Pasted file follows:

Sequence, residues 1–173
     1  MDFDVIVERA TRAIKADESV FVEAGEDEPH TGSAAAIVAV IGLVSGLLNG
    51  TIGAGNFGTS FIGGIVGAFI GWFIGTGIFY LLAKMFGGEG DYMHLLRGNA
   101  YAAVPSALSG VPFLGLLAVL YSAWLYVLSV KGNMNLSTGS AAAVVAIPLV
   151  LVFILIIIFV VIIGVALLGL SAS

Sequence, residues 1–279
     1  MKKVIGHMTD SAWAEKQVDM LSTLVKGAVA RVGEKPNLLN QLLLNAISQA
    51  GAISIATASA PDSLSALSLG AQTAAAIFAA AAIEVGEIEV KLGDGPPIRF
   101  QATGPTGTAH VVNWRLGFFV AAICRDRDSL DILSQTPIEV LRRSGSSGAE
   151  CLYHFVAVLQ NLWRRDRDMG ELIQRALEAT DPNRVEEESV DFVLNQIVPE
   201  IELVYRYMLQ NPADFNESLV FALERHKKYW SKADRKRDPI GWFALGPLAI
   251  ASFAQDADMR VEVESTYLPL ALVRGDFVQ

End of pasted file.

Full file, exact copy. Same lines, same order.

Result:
Sequence, residues 1–173
     1  MDFDVIVERA TRAIKADESV FVEAGEDEPH TGSAAAIVAV IGLVSGLLNG
    51  TIGAGNFGTS FIGGIVGAFI GWFIGTGIFY LLAKMFGGEG DYMHLLRGNA
   101  YAAVPSALSG VPFLGLLAVL YSAWLYVLSV KGNMNLSTGS AAAVVAIPLV
   151  LVFILIIIFV VIIGVALLGL SAS

Sequence, residues 1–279
     1  MKKVIGHMTD SAWAEKQVDM LSTLVKGAVA RVGEKPNLLN QLLLNAISQA
    51  GAISIATASA PDSLSALSLG AQTAAAIFAA AAIEVGEIEV KLGDGPPIRF
   101  QATGPTGTAH VVNWRLGFFV AAICRDRDSL DILSQTPIEV LRRSGSSGAE
   151  CLYHFVAVLQ NLWRRDRDMG ELIQRALEAT DPNRVEEESV DFVLNQIVPE
   201  IELVYRYMLQ NPADFNESLV FALERHKKYW SKADRKRDPI GWFALGPLAI
   251  ASFAQDADMR VEVESTYLPL ALVRGDFVQ